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In a desolate canyon in northern New Mexico, a black puff of dust and smoke rises up from the ground following a quick flash. It takes about a second and a half for the loud boom and rush of air to catch up.
Explosives experts at the nation’s premiere nuclear laboratory just blew up 85 pounds of waste left over from some of the experiments Los Alamos National Laboratory conducts on improvised explosives and other terrorist threats.
Some of the high explosive waste also comes from the work scientists do to bolster national security and to ensure the stability of the U.S. nuclear stockpile.
Critical is how lab officials describe the work — and the detonations needed to get rid of the waste.
They’re asking New Mexico regulators to modify the lab’s sweeping hazardous waste permit so the detonations can continue.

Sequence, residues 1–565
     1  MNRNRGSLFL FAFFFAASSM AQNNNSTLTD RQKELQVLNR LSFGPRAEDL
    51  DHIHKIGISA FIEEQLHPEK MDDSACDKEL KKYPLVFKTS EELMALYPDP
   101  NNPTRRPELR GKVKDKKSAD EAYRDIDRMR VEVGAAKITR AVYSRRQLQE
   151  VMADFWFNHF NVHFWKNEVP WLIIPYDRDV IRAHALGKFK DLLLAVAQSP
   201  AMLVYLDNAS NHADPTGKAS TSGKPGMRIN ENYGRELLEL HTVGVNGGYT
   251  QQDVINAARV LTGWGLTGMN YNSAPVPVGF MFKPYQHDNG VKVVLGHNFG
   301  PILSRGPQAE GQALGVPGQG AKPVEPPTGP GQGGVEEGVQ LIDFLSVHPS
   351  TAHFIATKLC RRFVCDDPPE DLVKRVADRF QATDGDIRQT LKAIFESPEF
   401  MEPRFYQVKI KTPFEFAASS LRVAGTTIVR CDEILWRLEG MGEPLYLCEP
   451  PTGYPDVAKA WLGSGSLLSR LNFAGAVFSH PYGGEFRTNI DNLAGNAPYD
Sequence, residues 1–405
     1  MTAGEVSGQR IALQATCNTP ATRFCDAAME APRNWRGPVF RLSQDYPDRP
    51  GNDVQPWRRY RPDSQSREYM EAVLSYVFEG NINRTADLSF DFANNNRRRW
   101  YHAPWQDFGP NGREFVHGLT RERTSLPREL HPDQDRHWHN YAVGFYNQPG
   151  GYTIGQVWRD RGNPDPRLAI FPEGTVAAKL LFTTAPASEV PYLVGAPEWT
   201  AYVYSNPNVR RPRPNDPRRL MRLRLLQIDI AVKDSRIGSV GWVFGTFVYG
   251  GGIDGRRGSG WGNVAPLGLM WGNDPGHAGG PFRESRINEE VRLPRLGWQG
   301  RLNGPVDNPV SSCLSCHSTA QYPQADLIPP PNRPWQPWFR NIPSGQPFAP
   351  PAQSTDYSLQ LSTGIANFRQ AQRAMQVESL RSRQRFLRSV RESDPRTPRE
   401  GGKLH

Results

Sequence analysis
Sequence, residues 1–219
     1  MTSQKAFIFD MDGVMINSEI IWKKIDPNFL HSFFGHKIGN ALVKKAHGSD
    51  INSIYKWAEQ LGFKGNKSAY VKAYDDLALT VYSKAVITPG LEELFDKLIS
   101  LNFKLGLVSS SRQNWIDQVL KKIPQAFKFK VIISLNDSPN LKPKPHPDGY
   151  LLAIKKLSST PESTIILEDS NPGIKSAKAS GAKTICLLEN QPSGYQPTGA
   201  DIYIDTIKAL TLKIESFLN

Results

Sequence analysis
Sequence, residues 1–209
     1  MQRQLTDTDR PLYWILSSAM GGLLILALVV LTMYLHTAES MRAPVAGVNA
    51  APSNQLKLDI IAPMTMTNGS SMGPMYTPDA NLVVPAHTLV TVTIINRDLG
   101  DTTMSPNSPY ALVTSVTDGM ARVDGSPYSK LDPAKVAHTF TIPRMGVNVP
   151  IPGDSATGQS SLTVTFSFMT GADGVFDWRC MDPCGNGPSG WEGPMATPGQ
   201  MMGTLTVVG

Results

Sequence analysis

Los Alamos lab has been the site of nuclear weapons research, chemistry and physics studies and work with hazardous and radioactive materials since its beginnings as part of the Manhattan Project, which developed the world’s first atomic bomb.
Almost since its inception, the lab has been using controlled detonations to get rid of high explosive waste.
Under the current permit, those explosions have been covered under an interim status.
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